Fleet Air Arm Pilots in the Battle of Britain
Seventy-five years after the Battle of Britain, a small subset of pilots who fought in the crowded skies above England have almost been forgotten. They are the Fleet Air Arm pilots, who took to the air, along with their Royal Air Force counterparts, to defend the British Isles.
During the Battle, the Fleet Air Arm had one resource that the RAF desperately needed: pilots. While aircraft could be built rather quickly in factories, it took time to train men. In the dark days of 1940, the FAA loaned a small group of pilots to the RAF for attachment to their expanding complement of fighter squadrons. Two of these pilots, Sub Lieutenant Francis Dawson-Paul, who flew Spitfires with 64 Squadron, and Sub Lieutenant Arthur “Admiral” Blake, who flew Spitfires with 19 Squadron, quickly became aces.
As always, Canadian-born pilots were included in the mix. Two Canadian Fleet Air Arm pilots were to earn their Battle of Britain clasp with Fighter Command.
Jack Conway Carpenter was born in Toronto, but as a young boy returned to his ancestral Wales. He joined the Fleet Air Arm in 1939, but was attached to the RAF in June 1940. He joined 229 Squadron flying Hurricanes, but was quickly transferred to 46 Squadron, which also flew Hurricanes. While flying with 46 Squadron, he downed a Bf-110 on September 3, 1940, then shot down a Bf-109 on September 5, 1940. Sadly, his short life ended just a few days later when he was shot down while flying Hurricane P3201. He attempted to bail out of his stricken aircraft, but his parachute failed to open.
Roy Baker-Falkner, was born in England, but grew up in British Columbia. He is better known for leading attacks against the Tirpitz during Operation Tungsten in 1944, but was also involved in the Battle of Britain. Sadly, his contribution to the Battle with Fighter Command is unknown, but he was awarded the Battle of Britain clasp for having flown at least one operational sortie with RAF Fighter Command during the period of July 10, 1940 to October 31, 1940. (There is no question that Baker-Falkner was flying operations with 812 Squadron during the Battle of Britain. This Fleet Air Arm unit, flying Fairey Swordfish, was attached to RAF Coastal Command for laying mines in German-held harbors as well as bombing sorties against German invasion barges. However, only pilots attached to Fighter Command during the Battle are eligible for the Battle of Britain clasp. While one can debate the merit of the decision to leave out bomber and Coast Command aircrew who served during the Battle, it appears possible that Baker-Falkner was not actually eligible to receive the clasp.)
A further Canadian connection to the Battle are the three Fleet Air Arm pilots attached to 242 (Canadian) Squadron. Ostensibly, a Canadian squadron, 242 Squadron always had a complement of non-Canadian pilots attached to the unit. After suffering heavy losses in France, Midshipman Peter Patterson, Sub Lieutenant Richard “Dickie” Cork, and Sub/Lt. Jimmy Gardner joined the Squadron in the summer of 1940. While Patterson was killed in September 1940, both Dickie Cork and Jimmy Gardner made ace while flying with the Canadians of 242 Squadron. Dickie Cork flew as the wingman for 242 Squadron’s famous CO Douglas Bader, and was awarded the Distinguished Service Cross for his “exemplary courage and coolness in successful action against enemy bombers,” He later commanded 880 Squadron flying Sea Hurricanes, but was killed in a Corsair crash in 1944. Jimmy Gardner survived the Battle and returned to fly with the Fleet Air Arm for the rest of the war. To retain their nautical flavor during their time with the RAF, Cork and Garner wore naval uniforms and Gardner painted Nelson’s Trafalgar "England Expects" signal on the side of his Hurricane.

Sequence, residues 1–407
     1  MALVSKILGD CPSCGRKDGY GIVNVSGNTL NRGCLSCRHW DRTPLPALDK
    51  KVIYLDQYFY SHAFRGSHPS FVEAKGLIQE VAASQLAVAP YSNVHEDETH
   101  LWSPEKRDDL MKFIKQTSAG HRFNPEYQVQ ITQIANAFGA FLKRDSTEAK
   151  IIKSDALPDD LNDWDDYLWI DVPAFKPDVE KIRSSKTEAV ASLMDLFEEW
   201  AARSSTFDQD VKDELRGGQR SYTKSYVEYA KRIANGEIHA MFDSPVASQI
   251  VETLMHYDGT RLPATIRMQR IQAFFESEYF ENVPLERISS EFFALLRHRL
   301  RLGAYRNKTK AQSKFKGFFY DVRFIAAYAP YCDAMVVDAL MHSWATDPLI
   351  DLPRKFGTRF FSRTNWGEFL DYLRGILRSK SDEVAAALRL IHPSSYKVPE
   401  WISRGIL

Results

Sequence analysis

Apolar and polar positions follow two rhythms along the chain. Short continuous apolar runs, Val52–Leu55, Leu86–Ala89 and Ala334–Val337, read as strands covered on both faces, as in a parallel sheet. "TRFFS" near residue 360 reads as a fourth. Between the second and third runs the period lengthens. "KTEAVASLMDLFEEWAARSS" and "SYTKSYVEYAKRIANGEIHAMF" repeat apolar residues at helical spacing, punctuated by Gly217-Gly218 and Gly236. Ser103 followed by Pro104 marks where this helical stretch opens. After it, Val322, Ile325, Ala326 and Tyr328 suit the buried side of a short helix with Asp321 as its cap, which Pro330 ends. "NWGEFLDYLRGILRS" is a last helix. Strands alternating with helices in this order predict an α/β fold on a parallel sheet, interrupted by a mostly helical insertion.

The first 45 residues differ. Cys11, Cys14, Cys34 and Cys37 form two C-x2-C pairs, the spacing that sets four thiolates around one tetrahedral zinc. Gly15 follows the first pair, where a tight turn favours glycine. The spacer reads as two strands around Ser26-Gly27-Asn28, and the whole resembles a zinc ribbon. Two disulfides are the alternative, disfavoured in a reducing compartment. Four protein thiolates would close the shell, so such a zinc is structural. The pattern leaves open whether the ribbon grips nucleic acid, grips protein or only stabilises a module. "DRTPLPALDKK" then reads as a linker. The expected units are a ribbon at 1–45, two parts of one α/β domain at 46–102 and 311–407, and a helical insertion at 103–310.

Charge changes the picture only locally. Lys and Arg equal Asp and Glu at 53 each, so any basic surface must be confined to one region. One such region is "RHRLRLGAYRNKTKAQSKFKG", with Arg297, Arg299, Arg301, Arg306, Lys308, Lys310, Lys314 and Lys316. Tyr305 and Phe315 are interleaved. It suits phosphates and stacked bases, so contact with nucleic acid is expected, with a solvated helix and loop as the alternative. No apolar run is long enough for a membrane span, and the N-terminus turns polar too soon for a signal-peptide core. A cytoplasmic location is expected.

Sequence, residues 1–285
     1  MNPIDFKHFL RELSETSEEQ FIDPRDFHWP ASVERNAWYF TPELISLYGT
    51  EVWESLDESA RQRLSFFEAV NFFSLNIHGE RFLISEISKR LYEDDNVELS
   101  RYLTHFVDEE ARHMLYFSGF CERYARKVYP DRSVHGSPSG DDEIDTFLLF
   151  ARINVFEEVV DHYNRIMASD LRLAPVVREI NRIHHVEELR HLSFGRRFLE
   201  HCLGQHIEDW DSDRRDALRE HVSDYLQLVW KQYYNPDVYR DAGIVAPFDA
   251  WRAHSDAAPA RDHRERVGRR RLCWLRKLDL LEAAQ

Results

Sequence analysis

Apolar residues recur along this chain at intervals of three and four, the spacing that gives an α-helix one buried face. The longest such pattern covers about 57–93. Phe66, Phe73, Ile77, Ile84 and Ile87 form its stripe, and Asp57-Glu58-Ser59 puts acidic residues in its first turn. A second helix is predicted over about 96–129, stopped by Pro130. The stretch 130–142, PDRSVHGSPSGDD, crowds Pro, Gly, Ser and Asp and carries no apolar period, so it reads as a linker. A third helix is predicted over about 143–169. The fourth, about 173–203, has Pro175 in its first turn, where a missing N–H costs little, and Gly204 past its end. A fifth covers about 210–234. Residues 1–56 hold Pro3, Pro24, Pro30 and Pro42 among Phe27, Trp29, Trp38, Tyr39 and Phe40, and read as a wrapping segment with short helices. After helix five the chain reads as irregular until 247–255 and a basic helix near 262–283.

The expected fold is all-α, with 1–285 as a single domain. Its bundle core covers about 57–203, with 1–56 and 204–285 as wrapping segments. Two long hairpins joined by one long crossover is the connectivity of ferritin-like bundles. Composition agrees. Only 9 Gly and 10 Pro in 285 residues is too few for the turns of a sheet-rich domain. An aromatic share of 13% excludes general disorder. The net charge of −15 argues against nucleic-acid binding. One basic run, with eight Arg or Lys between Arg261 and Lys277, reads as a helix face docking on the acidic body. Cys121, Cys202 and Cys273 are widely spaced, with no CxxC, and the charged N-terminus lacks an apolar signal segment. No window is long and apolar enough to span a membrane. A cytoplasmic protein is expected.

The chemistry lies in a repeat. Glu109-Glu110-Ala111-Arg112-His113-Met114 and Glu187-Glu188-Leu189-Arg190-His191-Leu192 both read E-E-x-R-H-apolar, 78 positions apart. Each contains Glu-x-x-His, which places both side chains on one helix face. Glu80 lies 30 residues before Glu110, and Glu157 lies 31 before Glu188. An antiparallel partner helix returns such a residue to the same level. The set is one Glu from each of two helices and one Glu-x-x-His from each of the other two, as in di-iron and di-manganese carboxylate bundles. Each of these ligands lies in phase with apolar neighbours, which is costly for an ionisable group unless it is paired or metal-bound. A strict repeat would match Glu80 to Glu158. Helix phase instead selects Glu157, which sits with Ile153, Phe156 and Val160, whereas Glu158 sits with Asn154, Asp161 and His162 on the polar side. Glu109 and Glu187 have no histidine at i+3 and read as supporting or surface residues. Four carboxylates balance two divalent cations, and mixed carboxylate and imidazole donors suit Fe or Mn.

Airfix 1/48 Hawker Hurricane Mk. I
After almost collapsing about 10 years ago, Airfix goes from strength to strength with each release. They’ve recently issued what is probably the best Hurricane in any scale. While Airfix released a 1/48 Hurricane in 1980 which was a very nice kit for its time, the new kit is thoroughly modern with loads of detail and some nice options. Consisting of 127 parts in grey and clear plastic, the kit has a beautifully detailed cockpit which includes separate framing for the sidewalls. A pilot is also included. About the only things missing from the cockpit are harnesses for the pilot. The cockpit and wheel wells detail is built around two wing spars that should allow for good fuselage to wing alignment. Gun bays are provided for each wing, but the covers in the top wings will need to be removed by the modeler. (I much prefer this, rather than separate parts, as it makes it easier for the modeler who wishes to build his wings “all closed up.”) Again, gun bay detail is excellent. All flying surfaces are separate and can be positioned by the modeler. Parts are included to model the Hurricane with the gear extended or retracted and both the Rotor and de Havilland propellers and spinners are included. The clear parts are nicely done, though not quite as crystal clear as some industry leaders. Decals are provided for two Battle of Britain aircraft, one of which survives today as a warbird. Overall, this is an excellent kit and I can’t wait to dig in and get building.
Xtradecal has recently issued a decal sheet in 1/48 which includes aircraft flown by Gardner and Cork. Sadly, there are some issues with the depiction of Gardner’s aircraft as they have included no serial number, the aircraft is incorrectly marked as LE-T, and they’ve included a spurious flag signal for the right side of the Hurricane. (LE-T was Hurricane V7203 in which Canadian Pilot Office Joseph Latta went missing on January 1941.) Dickie Cork’s P2831 LE -K is much more accurate and carries a RN style crown painted under the cockpit.